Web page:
Science Update

Study Explores Supplementation Effect of Vitamin A and Minerals on Hypothyroidism

The thyroid is a gland responsible for certain hormones that are critical to many functions within the human body. Hypothyroidism is a condition related to reduced function of the thyroid gland. Certain nutrients have been linked to thyroid function and hypothyroidism.

Zinc is a mineral that plays a critical role in thyroid hormone regulation. It is a cofactor for certain deiodinases, which are enzymes that help convert thyroxine (T4) into the active form of the thyroid hormone. Zinc also helps facilitate the binding of triiodothyronine (T3) to its nuclear receptor and helps to convert precursor molecules into the thyrotropin-releasing hormone.

In a recent randomized, double-blind, placebo-controlled trial, a higher incidence of hypothyroidism was shown to occur in the presence of a diet low in both vitamin A and iodine when compared to a diet low in iodine alone. Oxidative stress has been associated with the pathogenesis of autoimmune thyroiditis. Vitamin A has been shown to support the body’s response to oxidative stress and may also influence the pituitary-thyroid axis.

Magnesium is the fourth most abundant mineral in the human body, which is critical for many enzymatic reactions. Magnesium is a cofactor in the mediation of thyrotropin in thyroid gland activity. The balance between magnesium and zinc may be associated with changes in thyroid hormone levels.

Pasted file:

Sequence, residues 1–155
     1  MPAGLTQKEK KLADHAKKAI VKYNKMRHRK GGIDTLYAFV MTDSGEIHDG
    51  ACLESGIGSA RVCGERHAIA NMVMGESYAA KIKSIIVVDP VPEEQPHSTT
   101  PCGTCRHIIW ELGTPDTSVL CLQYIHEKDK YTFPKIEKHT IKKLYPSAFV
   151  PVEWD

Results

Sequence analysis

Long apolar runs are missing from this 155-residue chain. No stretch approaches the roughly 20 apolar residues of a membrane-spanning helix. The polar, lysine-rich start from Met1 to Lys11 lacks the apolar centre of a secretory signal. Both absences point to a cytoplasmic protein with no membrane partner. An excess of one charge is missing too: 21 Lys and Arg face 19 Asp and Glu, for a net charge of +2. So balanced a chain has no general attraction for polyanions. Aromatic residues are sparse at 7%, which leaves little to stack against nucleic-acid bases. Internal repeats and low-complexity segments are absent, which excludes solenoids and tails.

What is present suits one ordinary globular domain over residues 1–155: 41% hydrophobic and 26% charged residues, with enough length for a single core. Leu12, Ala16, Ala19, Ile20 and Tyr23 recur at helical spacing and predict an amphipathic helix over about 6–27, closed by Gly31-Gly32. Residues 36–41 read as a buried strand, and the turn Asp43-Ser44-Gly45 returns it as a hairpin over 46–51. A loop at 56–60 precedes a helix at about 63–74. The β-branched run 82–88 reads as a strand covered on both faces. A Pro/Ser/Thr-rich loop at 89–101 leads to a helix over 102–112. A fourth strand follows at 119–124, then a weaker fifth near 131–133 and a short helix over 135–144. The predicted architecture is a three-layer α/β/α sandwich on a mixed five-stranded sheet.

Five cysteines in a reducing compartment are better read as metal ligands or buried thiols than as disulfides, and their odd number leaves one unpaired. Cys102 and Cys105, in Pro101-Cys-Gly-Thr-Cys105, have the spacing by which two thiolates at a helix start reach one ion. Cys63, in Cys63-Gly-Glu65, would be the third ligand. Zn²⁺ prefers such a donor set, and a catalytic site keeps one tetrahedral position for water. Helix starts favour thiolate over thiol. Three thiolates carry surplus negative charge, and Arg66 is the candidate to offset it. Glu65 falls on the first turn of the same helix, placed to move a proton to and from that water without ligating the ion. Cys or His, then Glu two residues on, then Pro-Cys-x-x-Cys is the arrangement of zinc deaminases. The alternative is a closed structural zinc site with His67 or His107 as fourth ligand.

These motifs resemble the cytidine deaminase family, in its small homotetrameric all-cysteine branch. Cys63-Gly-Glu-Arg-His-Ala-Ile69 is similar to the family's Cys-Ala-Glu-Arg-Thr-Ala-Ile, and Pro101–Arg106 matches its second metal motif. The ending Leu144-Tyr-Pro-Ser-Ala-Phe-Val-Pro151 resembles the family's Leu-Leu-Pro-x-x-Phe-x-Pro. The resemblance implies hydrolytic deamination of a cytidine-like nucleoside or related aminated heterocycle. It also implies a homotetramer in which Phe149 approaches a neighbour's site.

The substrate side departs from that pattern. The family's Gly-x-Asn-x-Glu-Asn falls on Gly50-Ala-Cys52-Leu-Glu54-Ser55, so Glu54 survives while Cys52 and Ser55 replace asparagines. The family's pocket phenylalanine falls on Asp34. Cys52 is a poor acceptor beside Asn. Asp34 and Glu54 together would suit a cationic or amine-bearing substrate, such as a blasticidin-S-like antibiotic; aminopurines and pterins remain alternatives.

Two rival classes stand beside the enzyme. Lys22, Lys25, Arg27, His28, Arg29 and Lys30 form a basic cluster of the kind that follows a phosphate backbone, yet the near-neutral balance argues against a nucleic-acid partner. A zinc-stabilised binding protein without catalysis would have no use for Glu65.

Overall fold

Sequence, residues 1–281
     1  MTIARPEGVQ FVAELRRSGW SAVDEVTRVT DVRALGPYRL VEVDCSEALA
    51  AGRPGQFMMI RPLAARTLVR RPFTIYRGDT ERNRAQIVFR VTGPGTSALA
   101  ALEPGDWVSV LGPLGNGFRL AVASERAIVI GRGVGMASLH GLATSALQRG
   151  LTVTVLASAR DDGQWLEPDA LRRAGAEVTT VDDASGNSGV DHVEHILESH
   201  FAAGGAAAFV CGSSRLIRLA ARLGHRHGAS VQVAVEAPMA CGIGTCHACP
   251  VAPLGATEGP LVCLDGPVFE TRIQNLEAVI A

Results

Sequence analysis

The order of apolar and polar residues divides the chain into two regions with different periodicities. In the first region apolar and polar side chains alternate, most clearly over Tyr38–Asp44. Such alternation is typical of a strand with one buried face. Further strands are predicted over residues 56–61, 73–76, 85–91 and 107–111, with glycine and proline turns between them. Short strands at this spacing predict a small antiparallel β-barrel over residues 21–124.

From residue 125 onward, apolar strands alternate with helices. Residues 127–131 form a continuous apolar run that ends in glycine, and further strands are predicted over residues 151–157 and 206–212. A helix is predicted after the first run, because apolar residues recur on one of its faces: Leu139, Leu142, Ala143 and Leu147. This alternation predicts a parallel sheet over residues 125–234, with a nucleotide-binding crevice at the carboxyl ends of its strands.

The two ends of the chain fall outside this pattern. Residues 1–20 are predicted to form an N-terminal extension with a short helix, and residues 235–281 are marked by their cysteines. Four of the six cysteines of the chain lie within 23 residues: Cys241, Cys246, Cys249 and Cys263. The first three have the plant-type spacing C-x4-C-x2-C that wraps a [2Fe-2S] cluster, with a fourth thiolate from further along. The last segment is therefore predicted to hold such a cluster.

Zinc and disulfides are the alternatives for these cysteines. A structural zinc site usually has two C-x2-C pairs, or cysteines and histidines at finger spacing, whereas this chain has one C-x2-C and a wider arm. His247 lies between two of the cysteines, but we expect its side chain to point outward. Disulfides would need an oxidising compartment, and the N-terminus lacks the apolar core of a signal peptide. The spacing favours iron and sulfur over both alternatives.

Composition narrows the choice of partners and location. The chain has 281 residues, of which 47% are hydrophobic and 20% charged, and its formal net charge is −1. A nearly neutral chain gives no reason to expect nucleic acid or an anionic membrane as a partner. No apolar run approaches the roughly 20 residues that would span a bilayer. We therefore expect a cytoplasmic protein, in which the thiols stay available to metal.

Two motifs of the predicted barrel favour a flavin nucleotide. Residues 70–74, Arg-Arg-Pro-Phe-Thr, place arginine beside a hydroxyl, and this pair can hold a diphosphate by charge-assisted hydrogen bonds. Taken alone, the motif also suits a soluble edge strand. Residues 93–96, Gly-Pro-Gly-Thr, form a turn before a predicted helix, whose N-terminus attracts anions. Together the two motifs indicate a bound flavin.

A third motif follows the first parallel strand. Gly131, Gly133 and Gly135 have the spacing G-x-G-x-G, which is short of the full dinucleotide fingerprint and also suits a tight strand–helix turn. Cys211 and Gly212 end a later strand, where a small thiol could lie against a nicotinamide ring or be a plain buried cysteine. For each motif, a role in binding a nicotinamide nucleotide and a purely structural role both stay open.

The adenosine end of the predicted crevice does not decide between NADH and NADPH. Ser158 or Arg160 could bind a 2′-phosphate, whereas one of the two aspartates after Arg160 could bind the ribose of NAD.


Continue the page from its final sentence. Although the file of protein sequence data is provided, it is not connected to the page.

Researchers assessed the efficacy of the combined supplementation of magnesium, zinc, and vitamin A on individuals with hypothyroidism. The 10-week trial included data from 86 individuals, ranging from 20 to 65 years of age. The treatment arm consisted of a daily supplementation of 30 mg of zinc gluconate and 250 mg of magnesium oxide, along with 25,000 IU of vitamin A twice per week.

The study assessed biomarkers associated with inflammation, oxidative stress, and thyroid function. Study results indicated that the treatment arm experienced a significant decrease in serum high-sensitivity C-reactive protein levels. Significant differences in total antioxidant capacity were observed between the study groups. A significant increase in serum-free T4 levels was observed in the treatment arm.

The sample size and trial duration of the recent randomized, double-blind, placebo-controlled trial may warrant further studies. However, the results indicate that certain supplementation, such as magnesium, zinc, and vitamin A, may support healthy thyroid function.

By Colleen Ambrose, ND, MAT